Sunday, January 8, 2012


Near a stone-ware hearth
With hands flashing
Storytellers, breathing
hard, their fingers
fluttering like butterflies
Grope for words
on tongues
long silenced
To ensure now, no tale
goes forgotten

Beneath thatched roofs
Sheltered from
Heavy rains and soldiers
No longer in pursuit
One after the other
takes their turn
Lets the history come
bubbling forth; they
rebuild thousands
of memories

The gates have finally
been reopened
The villagers awakened
and, like parched
sailors who after months
at sea, at last
have fresh water—
they drink in every word.




  1. I like the tale you spun here--it grew gradually until at the end it somehow fell into place for me. Thanks for visiting my blog, by the way.

  2. Sharon- I agree with Peggy... the last stanza is amazing!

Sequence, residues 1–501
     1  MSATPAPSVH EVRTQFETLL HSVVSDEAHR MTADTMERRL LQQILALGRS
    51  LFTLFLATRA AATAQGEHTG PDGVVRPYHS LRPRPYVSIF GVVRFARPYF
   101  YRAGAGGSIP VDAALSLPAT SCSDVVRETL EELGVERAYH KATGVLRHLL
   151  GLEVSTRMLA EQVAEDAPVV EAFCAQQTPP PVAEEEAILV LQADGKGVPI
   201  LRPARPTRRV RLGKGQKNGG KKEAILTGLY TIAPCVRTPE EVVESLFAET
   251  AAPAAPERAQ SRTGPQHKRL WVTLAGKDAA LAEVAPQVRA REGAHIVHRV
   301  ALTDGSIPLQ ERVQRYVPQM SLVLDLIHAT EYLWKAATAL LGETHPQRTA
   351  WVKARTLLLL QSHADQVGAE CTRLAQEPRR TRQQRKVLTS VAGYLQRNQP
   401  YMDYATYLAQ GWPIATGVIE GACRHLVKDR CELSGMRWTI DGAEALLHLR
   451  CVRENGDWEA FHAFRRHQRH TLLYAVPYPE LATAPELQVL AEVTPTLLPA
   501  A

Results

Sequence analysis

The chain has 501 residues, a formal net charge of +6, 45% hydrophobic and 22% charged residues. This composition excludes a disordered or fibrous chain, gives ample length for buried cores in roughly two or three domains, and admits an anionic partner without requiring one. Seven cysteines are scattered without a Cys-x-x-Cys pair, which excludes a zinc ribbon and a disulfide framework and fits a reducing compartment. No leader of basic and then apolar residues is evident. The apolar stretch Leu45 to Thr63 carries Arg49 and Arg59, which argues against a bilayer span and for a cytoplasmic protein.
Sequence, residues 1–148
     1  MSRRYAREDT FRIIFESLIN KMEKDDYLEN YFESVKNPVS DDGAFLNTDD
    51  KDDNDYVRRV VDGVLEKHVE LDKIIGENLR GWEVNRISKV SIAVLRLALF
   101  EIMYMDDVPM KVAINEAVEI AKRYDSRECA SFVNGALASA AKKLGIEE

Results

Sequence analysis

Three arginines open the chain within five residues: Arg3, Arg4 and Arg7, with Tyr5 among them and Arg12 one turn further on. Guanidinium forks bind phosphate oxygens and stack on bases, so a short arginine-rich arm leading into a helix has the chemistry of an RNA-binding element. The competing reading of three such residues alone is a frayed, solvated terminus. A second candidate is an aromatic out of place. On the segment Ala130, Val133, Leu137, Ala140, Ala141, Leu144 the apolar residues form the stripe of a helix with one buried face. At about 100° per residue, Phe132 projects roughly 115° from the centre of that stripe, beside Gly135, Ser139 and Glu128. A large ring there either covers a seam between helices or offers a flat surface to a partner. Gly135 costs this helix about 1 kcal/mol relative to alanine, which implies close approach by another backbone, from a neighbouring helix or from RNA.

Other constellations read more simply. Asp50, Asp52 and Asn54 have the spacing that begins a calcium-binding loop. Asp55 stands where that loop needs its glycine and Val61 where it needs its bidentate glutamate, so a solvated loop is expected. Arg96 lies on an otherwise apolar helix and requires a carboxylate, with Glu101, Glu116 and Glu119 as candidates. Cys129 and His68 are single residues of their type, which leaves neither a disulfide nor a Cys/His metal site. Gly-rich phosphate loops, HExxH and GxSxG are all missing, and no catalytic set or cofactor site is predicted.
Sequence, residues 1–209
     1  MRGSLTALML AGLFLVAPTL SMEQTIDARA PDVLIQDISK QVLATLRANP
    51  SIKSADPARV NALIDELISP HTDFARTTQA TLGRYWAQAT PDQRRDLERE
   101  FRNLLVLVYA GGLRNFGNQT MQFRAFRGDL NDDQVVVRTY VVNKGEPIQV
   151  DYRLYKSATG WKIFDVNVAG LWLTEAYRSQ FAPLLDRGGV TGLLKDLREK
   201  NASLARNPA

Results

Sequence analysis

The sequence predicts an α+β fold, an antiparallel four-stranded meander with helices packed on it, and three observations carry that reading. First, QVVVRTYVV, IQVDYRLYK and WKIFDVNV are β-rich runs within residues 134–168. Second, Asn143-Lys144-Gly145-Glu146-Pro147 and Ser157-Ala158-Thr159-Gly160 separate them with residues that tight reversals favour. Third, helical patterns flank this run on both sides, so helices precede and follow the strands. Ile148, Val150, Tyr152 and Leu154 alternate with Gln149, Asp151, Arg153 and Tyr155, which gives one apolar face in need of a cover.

3. The importance of words. In the Christian tradition God spoke the world into being. He said, "Let there be light." Thank you for speaking to the heart of story and poetry. It's all about the words, we need them. They nourish us.

  4. I love the story. And, your speaker speaks it in the manner of a true storyteller, so that I felt part of the listening audience.


  5. Cool story poem, Sharon. Shared stories reinforce our sense of community and help us to build (and rebuild) our world.

    As Brenda mentioned, the Bible tells us God spoke the world into being. In a figurative sense, we speak our world into being too, when we tell our stories.

  6. wow - thanks all - never thought of the tales told in quite so lofty a manner as Biblical (and I'm sure that's not what you're implying but I like the reference nonetheless)but I do think poets should keep the stories and retell them - bear witness as it were

  7. Every culture depended on their storytellers before newspapers, TV and the internet. This is a wonderful tale, beautifully told!

  8. Interesting poem: I wonder if you took the like out of the first stanza so that it reads:
    hard, their fingers
    fluttering butterflies
    If this would not read better? I am always thinking what can I remove and still have the poem work.

  9. You know, I think you're right Paul - and I think when revising, I'll pare it down even more - thanks for the tip ...